- In Captain America (1990), Steve's love interest from the 1940s waited 15 years after he disappeared to marry and have a daughter (played by the same actress). Steve and the daughter are a couple by the end of the film.
- The whole plot of The Life and Death of Colonel Blimp turns on this, although the main character never really realises it.
- At the end of Adele Hasn't Had Her Dinner Yet, when the hero has to leave his love interest Kvetuska behind, a doppelgänger of him suddenly appears out of nowhere, except he's blond. Kvetuska quickly changes one dashing man for another.
- In Andrew M. Greeley's Angel Fire, Sean Desmond meets an Irish woman who is a dead ringer for Gabriella, the angel who has shepherded him through the entire book, after she leaves for good. It's implied that Gabriella knew of this coming meeting and used the woman's appearance in order to prime Sean for a relationship with her.
- In Heir Apparent, the protagonist is trapped in a virtual reality game and ends up developing a bit of a crush on one of the characters. For obvious reasons, they can't exactly be together once she's escaped the game. Luckily he looks just like the game's Teen Genius creator, who shows up to apologize to the heroine personally and seems flattered that she liked the character based on him...
- In Stephenie Meyer's The Host, one human has his girlfriend taken over by a Soul. The free humans then remove the Soul, but the girlfriend is brain-dead due to the possession by this point—so they just stick the Soul back in the body. The original mind's boyfriend then stays with the Soul-in-the-body, despite said Soul being the reason that his girlfriend died at all.
- In the Last Herald-Mage trilogy of the Heralds of Valdemar series, The Hero Vanyel loses his first Love Interest, Tylendel, in a truly epic tragedy that starts him on the path to becoming the most powerful Herald-Mage in the history of the kingdom. Seventeen years later, he finds a new love interest, Stefan, who is physically dissimilar, but still bears an uncanny psychic resemblance to Tylendel, up to and including forming a lifebond with Van. It turns out that 'Lendel was reincarnated as Stefan, though most of the main characters are ignorant of this until close to the end of the story.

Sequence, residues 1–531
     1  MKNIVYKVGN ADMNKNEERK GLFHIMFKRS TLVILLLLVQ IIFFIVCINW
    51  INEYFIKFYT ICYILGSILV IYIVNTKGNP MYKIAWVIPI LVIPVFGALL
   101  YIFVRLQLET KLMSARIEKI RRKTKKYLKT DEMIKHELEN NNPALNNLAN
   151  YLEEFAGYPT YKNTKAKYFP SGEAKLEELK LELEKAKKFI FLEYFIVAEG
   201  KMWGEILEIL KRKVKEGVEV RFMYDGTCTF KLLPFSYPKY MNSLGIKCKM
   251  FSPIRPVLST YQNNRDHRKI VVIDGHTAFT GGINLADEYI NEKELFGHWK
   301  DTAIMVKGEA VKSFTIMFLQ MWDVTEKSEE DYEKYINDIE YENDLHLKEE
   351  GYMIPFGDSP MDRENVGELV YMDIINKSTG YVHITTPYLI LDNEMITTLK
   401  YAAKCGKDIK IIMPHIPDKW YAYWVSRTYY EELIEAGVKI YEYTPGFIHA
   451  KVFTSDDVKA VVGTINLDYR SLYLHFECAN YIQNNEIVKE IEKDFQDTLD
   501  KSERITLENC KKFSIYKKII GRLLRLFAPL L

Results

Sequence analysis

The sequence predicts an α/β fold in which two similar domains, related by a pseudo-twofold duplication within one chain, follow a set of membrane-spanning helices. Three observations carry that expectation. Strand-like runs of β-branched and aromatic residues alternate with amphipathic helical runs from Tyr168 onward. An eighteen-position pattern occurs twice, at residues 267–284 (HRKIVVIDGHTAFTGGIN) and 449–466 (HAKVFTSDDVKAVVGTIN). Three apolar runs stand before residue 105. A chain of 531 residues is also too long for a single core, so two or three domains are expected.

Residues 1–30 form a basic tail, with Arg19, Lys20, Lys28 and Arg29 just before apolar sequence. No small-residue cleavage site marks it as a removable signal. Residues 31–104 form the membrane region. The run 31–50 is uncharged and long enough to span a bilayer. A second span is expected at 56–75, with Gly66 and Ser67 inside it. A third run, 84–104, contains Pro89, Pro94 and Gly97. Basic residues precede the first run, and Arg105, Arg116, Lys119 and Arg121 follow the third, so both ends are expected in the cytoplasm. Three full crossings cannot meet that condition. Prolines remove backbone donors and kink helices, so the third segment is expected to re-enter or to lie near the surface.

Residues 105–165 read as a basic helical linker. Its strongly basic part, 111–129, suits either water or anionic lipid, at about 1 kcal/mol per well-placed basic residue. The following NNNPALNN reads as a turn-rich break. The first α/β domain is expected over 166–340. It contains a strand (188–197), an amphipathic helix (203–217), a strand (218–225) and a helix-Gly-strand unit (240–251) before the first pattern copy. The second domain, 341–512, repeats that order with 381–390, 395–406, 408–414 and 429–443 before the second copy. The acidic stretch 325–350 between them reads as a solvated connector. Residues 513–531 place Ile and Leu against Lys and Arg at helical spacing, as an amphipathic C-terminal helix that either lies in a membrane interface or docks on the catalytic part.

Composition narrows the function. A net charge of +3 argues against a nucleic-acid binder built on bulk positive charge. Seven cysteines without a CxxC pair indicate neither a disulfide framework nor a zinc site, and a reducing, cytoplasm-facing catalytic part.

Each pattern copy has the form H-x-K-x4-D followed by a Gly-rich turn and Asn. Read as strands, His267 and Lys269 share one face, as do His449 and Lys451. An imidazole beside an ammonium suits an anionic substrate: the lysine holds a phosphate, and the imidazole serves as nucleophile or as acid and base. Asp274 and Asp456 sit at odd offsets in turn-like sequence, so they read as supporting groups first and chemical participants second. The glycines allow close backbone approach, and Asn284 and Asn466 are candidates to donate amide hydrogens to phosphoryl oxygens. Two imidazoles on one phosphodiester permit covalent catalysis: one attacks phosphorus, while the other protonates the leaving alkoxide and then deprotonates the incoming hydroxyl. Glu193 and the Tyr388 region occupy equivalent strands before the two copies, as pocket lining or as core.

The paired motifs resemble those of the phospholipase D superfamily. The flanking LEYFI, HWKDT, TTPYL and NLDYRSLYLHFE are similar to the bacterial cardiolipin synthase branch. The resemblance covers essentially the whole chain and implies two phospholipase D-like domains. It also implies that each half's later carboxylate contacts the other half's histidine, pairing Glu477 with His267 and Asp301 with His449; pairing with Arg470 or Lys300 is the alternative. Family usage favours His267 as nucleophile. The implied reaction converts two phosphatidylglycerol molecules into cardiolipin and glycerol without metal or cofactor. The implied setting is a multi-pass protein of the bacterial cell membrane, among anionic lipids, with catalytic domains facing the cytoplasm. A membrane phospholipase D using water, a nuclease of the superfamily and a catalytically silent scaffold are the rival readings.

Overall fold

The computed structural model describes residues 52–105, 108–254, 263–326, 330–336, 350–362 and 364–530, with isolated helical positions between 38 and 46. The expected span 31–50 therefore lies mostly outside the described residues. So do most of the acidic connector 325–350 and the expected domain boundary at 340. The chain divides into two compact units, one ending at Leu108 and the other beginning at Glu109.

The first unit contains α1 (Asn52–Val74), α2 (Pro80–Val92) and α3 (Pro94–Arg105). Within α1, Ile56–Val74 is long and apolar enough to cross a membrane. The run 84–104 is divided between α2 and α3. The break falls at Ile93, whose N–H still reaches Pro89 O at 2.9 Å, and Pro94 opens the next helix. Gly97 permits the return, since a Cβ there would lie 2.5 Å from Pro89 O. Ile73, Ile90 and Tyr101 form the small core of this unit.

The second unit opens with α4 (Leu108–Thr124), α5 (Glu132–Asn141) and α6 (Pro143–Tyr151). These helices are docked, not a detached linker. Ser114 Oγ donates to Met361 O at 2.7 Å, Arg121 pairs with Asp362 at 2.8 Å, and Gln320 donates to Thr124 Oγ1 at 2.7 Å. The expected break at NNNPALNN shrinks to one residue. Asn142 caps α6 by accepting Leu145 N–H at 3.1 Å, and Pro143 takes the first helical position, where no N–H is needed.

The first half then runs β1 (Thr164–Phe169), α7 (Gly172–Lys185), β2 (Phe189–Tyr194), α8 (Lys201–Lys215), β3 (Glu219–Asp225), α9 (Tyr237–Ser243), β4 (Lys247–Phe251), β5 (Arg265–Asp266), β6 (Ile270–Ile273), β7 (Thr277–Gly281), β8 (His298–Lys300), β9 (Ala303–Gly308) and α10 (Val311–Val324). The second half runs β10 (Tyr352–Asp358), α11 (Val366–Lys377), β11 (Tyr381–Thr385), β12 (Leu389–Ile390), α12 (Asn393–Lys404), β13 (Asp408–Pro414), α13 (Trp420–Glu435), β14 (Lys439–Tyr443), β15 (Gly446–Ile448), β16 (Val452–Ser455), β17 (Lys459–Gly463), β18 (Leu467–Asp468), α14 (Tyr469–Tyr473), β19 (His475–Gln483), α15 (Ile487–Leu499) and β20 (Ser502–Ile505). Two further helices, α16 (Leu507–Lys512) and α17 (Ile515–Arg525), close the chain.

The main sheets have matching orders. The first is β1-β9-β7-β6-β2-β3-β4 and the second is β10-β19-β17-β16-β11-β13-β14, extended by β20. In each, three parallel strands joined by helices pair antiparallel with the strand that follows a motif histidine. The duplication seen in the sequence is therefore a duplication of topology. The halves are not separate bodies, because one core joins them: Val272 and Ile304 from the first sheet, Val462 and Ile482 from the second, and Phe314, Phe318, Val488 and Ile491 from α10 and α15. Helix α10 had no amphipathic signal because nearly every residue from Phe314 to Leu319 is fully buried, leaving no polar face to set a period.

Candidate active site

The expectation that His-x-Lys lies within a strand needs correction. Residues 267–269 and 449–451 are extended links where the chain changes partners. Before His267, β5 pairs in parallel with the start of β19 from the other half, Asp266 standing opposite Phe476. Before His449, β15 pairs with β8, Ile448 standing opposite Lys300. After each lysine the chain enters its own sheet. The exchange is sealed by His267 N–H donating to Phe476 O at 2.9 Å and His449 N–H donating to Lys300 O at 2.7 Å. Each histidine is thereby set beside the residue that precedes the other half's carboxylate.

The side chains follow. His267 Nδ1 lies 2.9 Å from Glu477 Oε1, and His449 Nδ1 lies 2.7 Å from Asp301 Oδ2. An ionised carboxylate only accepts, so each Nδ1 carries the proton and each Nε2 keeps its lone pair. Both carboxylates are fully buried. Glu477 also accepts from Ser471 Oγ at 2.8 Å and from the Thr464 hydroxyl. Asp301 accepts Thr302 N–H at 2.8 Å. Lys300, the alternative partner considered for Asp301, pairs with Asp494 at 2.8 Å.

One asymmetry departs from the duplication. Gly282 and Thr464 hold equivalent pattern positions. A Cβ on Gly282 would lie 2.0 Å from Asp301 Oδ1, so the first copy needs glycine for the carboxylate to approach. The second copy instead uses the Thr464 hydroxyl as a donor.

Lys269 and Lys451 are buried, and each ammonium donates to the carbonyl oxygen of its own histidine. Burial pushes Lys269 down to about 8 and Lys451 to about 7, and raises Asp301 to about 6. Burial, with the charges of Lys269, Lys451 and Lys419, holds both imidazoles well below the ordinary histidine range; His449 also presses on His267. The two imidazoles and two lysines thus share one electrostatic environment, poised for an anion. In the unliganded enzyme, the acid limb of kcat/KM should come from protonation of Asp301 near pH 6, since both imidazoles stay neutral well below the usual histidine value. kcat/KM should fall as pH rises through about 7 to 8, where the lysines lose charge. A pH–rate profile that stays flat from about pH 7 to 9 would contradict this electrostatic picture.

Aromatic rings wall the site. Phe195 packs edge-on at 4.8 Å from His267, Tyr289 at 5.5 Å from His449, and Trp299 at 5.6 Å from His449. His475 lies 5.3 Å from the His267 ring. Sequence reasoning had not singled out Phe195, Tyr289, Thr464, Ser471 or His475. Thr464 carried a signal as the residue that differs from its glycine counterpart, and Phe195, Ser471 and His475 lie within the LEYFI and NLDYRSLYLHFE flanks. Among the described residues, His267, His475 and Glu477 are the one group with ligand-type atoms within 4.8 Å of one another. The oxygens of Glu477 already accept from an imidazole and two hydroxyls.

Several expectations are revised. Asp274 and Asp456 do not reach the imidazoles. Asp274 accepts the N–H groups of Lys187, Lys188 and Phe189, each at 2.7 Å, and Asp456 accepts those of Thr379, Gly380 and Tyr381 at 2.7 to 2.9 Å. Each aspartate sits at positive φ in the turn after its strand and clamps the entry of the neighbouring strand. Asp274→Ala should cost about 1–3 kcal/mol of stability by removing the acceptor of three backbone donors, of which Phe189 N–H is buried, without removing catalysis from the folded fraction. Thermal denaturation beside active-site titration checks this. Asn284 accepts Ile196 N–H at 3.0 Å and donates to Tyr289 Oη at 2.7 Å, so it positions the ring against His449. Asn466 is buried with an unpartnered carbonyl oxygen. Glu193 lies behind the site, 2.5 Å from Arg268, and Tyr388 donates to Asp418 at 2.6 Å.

- John Perry from Old Man's War is very upset by his wife's death. Near the end of the book he meets a special forces soldier who has a body cloned from his his wife's DNA, who looks exactly like her. They end up together.
- The Redwall novel Martin the Warrior has an odd case of this. In the end, it's revealed that the traveler narrating the story is a dead ringer for Rose, Martin's love interest who was killed by the Big Bad in the final battle. The catch? The two will never meet, as Martin lived and died many generations before the traveler told the story. Slightly better than most examples in that the two characters are, you know, mice.
- Disturbingly handled in the Scorpion Shards trilogy by Neal Shusterman. The titular "Shards," pieces of a Starfish Character, can only truly love each other. Dillon, the leader of the group, attempts to start a relationship with an outsider, but is haunted by memories of a female Shard who died in the first book. The solution is best summed up by the tropes involved: Death Is Cheap for the female Shard, Death of the Hypotenuse combined with Deader Than Dead and Heroic Sacrifice for the outsider, and Freaky Friday plus That (Wo)man Is Dead just to up the weirdness.